Date of Graduation

Spring 5-15-2022

Document Type


Degree Name

Master of Arts in Migration Studies


College of Arts and Sciences


Migration Studies

First Advisor

Karina Hodoyan


This study focuses on how artisanal mining in three regions of the Democratic Republic of the Congo (DRC)--Katanga and North and South Kivu-- have displaced and dispossessed surrounding communities. The study examines two related questions. First, how does artisanal mining affect the patterns of displacement and internal migration across the DRC? Second, how and why are mining companies able to displace local communities? Several existing theories provide insight into these research questions. This thesis draws on the contributions of four existing approaches, including 1) primitive accumulation or accumulation by dispossession (Harvey, 2013; Harrison, 2003); 2) weak state capacity (Herbst 2001); 3) The resource curse (Watts 2010, Ross 2014), and 4) the centrality of land and property rights in Africa (Bonne 2014; Autesserre, 2009). These scholars’ approaches are very important in understanding how multinational corporations affect the development of underdeveloped countries and their communities.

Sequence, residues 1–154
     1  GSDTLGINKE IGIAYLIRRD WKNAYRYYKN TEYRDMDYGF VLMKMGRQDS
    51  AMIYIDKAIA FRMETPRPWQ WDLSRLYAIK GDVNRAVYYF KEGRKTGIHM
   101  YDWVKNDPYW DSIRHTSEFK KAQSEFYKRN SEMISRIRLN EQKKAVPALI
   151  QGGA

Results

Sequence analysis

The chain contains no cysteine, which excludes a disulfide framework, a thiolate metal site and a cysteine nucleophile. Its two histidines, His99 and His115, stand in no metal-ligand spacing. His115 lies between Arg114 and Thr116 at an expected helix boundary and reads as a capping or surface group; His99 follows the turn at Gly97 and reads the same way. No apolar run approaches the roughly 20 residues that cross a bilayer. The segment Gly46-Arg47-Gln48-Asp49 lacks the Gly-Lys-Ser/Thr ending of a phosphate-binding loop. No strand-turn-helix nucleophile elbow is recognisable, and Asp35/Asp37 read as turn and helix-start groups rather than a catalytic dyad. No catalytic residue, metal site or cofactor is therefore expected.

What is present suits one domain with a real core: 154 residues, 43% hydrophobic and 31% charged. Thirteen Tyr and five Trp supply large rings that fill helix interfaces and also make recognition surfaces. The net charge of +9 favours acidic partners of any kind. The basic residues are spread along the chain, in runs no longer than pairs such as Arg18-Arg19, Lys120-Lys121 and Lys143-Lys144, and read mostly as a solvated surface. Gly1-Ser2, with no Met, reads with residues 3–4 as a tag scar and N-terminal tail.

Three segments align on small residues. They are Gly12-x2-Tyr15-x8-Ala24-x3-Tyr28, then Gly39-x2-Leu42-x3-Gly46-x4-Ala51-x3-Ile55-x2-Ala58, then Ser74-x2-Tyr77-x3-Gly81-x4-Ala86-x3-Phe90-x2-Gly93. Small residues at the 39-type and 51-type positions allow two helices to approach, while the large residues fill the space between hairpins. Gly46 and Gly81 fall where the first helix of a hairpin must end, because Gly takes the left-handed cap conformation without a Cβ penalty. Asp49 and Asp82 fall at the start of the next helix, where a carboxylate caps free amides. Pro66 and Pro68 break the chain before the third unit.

Building on existing studies of mining and development-induced displacement, this thesis argues that displacement is caused by processes of economic accumulation by artisanal mining companies; this means that powerful nations care more about capital than human life, despite scholars and policymakers who suggest that mining corporations provide benefits by generating wealth for local communities.

I argue, however, that there is significant evidence transnational mining companies benefit economically through exploiting vulnerable populations and, in particular, by exploiting the insecure land tenure rights of the rural poor.

To examine this argument, I draw on NGO reports and analyze mining-induced displacement in the provinces of North and South Kivu and Katanga, all located in the Democratic Republic of the Congo. Specifically, I draw on secondary literature and interviews, and other relevant data published in NGO reports. These data sources, while limited, are nonetheless useful, enabling me to trace the effects of mining corporations on local communities and, specifically, how these corporations drive patterns of internal migration. The data I’ve gathered suggests that as artisanal mining increases in a given area, we see a greater rate of land dispossession.

Available for download on Friday, April 10, 2026

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